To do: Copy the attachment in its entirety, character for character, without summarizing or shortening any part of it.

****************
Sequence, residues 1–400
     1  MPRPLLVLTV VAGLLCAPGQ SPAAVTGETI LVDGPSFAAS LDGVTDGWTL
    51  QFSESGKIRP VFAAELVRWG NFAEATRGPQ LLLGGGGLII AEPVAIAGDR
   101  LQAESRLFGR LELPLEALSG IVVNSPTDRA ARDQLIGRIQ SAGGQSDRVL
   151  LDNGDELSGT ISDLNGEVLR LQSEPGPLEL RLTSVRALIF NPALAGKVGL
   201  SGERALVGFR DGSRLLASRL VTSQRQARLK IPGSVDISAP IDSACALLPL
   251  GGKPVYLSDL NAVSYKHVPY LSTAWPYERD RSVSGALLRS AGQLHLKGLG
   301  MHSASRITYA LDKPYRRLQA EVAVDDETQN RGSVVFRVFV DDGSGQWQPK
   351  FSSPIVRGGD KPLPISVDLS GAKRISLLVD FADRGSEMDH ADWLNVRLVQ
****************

Sequence, residues 1–400
     1  MPRPLLVLTV VAGLLCAPGQ SPAAVTGETI LVDGPSFAAS LDGVTDGWTL
    51  QFSESGKIRP VFAAELVRWG NFAEATRGPQ LLLGGGGLII AEPVAIAGDR
   101  LQAESRLFGR LELPLEALSG IVVNSPTDRA ARDQLIGRIQ SAGGQSDRVL
   151  LDNGDELSGT ISDLNGEVLR LQSEPGPLEL RLTSVRALIF NPALAGKVGL
   201  SGERALVGFR DGSRLLASRL VTSQRQARLK IPGSVDISAP IDSACALLPL
   251  GGKPVYLSDL NAVSYKHVPY LSTAWPYERD RSVSGALLRS AGQLHLKGLG
   301  MHSASRITYA LDKPYRRLQA EVAVDDETQN RGSVVFRVFV DDGSGQWQPK
   351  FSSPIVRGGD KPLPISVDLS GAKRISLLVD FADRGSEMDH ADWLNVRLVQ